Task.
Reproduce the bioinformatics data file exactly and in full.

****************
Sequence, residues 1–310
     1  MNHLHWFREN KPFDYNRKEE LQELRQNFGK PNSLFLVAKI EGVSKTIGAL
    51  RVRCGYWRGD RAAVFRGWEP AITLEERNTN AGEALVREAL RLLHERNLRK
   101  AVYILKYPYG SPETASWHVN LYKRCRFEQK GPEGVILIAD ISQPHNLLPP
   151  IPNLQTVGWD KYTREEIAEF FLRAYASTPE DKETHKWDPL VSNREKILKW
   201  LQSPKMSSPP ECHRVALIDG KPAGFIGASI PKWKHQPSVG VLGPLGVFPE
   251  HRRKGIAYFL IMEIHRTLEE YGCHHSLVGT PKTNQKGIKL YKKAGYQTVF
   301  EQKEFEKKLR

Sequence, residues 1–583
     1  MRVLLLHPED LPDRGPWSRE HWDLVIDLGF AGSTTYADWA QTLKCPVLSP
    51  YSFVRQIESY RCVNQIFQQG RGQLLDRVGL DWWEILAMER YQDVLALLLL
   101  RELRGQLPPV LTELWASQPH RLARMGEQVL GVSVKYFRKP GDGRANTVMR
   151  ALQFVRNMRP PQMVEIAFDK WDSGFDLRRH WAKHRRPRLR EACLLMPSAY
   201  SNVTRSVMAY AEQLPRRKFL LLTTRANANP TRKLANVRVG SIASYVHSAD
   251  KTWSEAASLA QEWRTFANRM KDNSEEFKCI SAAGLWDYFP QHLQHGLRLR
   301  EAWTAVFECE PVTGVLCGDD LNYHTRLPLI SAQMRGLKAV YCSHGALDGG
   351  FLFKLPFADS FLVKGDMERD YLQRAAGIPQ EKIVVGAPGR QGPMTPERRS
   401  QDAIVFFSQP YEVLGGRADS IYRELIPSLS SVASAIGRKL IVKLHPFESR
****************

Sequence, residues 1–310
     1  MNHLHWFREN KPFDYNRKEE LQELRQNFGK PNSLFLVAKI EGVSKTIGAL
    51  RVRCGYWRGD RAAVFRGWEP AITLEERNTN AGEALVREAL RLLHERNLRK
   101  AVYILKYPYG SPETASWHVN LYKRCRFEQK GPEGVILIAD ISQPHNLLPP
   151  IPNLQTVGWD KYTREEIAEF FLRAYASTPE DKETHKWDPL VSNREKILKW
   201  LQSPKMSSPP ECHRVALIDG KPAGFIGASI PKWKHQPSVG VLGPLGVFPE
   251  HRRKGIAYFL IMEIHRTLEE YGCHHSLVGT PKTNQKGIKL YKKAGYQTVF
   301  EQKEFEKKLR

Sequence, residues 1–583
     1  MRVLLLHPED LPDRGPWSRE HWDLVIDLGF AGSTTYADWA QTLKCPVLSP
    51  YSFVRQIESY RCVNQIFQQG RGQLLDRVGL DWWEILAMER YQDVLALLLL
   101  RELRGQLPPV LTELWASQPH RLARMGEQVL GVSVKYFRKP GDGRANTVMR
   151  ALQFVRNMRP PQMVEIAFDK WDSGFDLRRH WAKHRRPRLR EACLLMPSAY
   201  SNVTRSVMAY AEQLPRRKFL LLTTRANANP TRKLANVRVG SIASYVHSAD
   251  KTWSEAASLA QEWRTFANRM KDNSEEFKCI SAAGLWDYFP QHLQHGLRLR
   301  EAWTAVFECE PVTGVLCGDD LNYHTRLPLI SAQMRGLKAV YCSHGALDGG
   351  FLFKLPFADS FLVKGDMERD YLQRAAGIPQ EKIVVGAPGR QGPMTPERRS
   401  QDAIVFFSQP YEVLGGRADS IYRELIPSLS SVASAIGRKL IVKLHPFESR